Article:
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Region 7 Public Health Office

Cold and Flu

Late fall, winter and early spring are the times of the year when many of us come down with "a bug", a cold, the flu or even pneumonia. Because we spend more time indoors and close to other people, there is more opportunity for the "bugs" to spread.

Children often get up to 6 or 8 colds a year, while adults may average 2-4 colds a year. And the flu typically causes over 100,000 hospitalizations, and more than 20,000 deaths each year. Children, again, experience the highest incidence of the flu, since they spend much of their day in school in close contact with classmates. Even cases of pneumonia increase in the winter, since that disease is often preceded by the flu or a cold. In fact, flu and pneumonia combined are the 6th leading cause of death in the United States.

But there are steps you can take to reduce the risk of you or your family becoming sick this year. Key to reducing the number of colds is to wash your hands, and wash them often.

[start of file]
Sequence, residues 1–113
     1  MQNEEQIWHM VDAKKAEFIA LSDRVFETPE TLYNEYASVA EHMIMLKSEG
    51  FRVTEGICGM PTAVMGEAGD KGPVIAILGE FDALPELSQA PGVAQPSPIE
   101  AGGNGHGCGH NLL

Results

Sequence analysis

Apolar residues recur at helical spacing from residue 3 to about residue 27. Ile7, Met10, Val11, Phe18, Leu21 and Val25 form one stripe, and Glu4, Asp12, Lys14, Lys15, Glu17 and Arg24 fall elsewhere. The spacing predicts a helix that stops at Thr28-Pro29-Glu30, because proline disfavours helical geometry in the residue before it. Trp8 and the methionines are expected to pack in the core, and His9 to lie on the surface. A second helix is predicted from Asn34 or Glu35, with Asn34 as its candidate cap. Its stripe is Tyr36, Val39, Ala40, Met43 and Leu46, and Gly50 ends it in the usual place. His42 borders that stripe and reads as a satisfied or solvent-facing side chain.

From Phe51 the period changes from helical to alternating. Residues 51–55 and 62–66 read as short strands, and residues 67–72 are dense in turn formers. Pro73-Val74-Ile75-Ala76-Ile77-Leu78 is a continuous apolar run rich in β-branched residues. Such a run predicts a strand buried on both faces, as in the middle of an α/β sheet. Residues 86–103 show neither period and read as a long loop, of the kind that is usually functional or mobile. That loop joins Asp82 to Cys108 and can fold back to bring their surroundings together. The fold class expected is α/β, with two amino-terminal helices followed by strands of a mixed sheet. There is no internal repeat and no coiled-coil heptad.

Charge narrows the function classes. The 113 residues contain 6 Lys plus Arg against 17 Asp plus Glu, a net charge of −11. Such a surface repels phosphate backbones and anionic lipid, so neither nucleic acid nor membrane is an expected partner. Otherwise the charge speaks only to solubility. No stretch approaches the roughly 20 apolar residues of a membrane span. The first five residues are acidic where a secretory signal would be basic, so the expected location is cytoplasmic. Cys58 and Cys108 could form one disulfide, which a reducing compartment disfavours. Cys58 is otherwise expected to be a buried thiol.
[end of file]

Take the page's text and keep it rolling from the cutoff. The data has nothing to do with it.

To prevent the flu, there is a vaccine available. It takes your body's immune system about 6 - 8 weeks to respond to the vaccination, so most flu vaccine shots are given from late October - November. You can still benefit from getting vaccinated after November. Studies have shown that the vaccine is 70%-90% effective in preventing the disease in healthy young adults. The vaccine can also reduce hospitalization by about 70%, and death by 85%, when taken by elderly people who do not reside in nursing homes. Even among nursing home residents, the flu vaccine can reduce the risk of hospitalization by about 50%, reduce the risk of pneumonia by 50% - 60%, and reduce the risk of death by 80%. It is important to know that the influenza vaccine produced in the United States cannot cause the flu. The most common side effect, experienced by less than 1/3 of all people who receive the vaccine, is soreness in the arm where the injection was made.

While the vaccination is available to anyone who wants to reduce his/her chances of getting the flu, there are some groups of people for whom it is highly recommended:

  • Anyone 50 years of age or older
  • Children aged 6 months until their 5th birthday
  • Residents of nursing homes and other facilities that provide care for the chronically ill
  • Anyone who is a household contact or caregiver to children under 6 months old